JP: How does data from Vula Mobile empower and validate the knowledge and experience of frontline health workers?
WM: In one instance, we looked at the referral patterns around Worcester hospital outside Cape Town. There were many pregnant women being referred to the hospital from the surrounding maternal health units and clinics. When they started using Vula, the number of referrals dropped by 52%. It turns out that the nurses were already doing the right thing locally—but they just weren’t certain. All they needed was the reassurance from a specialist that they had taken the right course of action or started the right treatment and did not need to transfer the patient. Simply by supporting nurses and linking them to doctors and other types of health workers, we can really make a big difference in quality and efficiency of care.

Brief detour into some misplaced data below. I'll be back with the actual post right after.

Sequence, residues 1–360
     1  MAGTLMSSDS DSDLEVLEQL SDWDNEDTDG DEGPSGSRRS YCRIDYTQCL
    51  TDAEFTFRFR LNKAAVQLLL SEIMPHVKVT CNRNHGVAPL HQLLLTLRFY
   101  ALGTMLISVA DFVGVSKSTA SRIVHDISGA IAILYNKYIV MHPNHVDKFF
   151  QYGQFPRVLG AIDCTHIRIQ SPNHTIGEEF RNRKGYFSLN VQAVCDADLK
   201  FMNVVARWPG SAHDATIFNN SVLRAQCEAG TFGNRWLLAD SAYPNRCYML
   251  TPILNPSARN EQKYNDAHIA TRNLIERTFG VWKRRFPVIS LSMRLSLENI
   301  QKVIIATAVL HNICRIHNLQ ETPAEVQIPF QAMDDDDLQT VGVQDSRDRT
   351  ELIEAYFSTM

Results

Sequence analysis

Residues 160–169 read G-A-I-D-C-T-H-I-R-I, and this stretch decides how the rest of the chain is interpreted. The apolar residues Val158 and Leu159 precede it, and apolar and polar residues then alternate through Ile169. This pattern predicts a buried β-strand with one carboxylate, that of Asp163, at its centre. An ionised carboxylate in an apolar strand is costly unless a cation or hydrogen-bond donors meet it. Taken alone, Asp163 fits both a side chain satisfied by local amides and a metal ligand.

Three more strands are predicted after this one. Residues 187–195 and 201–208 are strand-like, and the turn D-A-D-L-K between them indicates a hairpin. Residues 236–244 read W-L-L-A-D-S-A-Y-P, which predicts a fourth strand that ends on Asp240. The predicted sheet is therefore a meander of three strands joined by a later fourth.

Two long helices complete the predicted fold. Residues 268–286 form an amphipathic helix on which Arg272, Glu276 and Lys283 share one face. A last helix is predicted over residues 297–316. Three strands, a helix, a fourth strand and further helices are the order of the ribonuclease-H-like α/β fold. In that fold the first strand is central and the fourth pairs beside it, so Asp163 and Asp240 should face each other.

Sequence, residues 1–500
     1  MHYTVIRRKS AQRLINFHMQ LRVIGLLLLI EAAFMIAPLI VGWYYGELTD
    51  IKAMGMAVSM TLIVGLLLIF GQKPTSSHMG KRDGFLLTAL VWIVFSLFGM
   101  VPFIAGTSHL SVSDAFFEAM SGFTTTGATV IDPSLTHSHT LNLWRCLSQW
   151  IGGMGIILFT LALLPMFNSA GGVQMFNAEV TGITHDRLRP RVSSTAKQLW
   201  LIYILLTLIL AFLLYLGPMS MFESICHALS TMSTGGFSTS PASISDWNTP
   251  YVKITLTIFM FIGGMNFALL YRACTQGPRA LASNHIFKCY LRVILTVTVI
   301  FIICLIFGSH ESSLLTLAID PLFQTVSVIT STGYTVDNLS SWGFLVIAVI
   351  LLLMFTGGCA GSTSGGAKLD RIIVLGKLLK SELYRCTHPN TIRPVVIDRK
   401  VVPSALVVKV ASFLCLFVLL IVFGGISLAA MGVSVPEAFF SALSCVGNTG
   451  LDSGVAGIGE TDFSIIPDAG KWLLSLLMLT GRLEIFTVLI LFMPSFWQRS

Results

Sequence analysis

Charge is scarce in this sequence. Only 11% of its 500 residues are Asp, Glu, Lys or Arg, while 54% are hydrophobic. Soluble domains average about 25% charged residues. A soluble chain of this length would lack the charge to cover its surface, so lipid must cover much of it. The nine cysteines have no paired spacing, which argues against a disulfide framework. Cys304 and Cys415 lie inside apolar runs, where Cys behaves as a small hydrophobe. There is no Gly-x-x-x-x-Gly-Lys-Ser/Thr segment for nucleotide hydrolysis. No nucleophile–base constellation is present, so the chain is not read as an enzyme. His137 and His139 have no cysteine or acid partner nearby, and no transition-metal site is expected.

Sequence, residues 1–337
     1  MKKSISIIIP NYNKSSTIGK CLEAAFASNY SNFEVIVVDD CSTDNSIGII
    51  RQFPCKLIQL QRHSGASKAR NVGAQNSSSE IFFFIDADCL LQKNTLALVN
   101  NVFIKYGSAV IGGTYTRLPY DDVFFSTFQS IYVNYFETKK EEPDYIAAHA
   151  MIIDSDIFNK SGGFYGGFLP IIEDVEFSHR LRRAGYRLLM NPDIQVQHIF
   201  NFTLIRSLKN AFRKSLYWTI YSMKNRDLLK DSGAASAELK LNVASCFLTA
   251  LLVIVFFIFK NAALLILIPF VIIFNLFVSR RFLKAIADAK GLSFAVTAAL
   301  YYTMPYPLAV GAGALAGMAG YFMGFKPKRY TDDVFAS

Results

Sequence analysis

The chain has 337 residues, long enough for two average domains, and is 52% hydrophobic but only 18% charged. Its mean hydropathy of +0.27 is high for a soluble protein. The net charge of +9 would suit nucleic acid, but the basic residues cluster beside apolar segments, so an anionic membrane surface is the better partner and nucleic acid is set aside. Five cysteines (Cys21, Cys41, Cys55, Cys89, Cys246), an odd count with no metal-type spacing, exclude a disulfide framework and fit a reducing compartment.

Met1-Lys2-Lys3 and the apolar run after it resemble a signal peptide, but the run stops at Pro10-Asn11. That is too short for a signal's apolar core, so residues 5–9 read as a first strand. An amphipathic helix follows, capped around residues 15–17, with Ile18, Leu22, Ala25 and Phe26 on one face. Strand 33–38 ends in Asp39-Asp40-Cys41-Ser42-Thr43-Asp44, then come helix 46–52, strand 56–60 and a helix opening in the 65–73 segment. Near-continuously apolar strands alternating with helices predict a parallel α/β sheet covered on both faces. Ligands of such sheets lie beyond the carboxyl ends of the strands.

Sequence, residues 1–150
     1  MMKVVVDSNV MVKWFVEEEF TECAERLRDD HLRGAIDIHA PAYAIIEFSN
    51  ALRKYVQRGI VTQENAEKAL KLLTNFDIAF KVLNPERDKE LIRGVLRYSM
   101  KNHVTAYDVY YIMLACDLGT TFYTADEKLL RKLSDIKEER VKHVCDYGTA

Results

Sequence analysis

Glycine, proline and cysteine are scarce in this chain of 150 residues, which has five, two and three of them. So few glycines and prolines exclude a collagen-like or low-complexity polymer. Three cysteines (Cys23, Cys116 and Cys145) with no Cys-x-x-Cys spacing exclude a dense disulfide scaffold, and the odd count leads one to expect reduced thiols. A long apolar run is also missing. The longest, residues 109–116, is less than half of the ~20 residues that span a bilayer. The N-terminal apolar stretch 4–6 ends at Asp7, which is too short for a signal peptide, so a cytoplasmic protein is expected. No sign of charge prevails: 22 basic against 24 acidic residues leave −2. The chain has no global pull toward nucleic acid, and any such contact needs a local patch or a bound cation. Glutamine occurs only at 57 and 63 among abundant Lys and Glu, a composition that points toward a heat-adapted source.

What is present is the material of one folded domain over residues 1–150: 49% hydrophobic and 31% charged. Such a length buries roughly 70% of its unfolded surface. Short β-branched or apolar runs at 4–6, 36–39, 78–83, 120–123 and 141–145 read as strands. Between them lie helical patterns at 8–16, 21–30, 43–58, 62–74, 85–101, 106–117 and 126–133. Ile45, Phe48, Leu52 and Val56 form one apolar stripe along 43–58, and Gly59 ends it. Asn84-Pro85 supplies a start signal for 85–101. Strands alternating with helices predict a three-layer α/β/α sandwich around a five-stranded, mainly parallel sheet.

JP: Can you share any personal testimonials from nurses or midwives who have benefited from using Vula?
WM: There is a nurse in Vredendal, which is about five hours north of Cape Town. She learned how to manage different conditions, case by case, from specialists through Vula. When she stopped referring through the app, we thought perhaps there had been an accident, or she had moved. When we called her, she explained that everything was fine, but she no longer needed Vula because she now knew what to do! Now as a nurse, she accepts referrals from the people in her area, including doctors, because she has been upskilled to a near-specialist level. She then used the Vula data to motivate for an eye clinic to be built in Vredendal with a visiting surgeon once a month. Her story proves that if you start empowering primary healthcare workers, you really get magic starting to happen.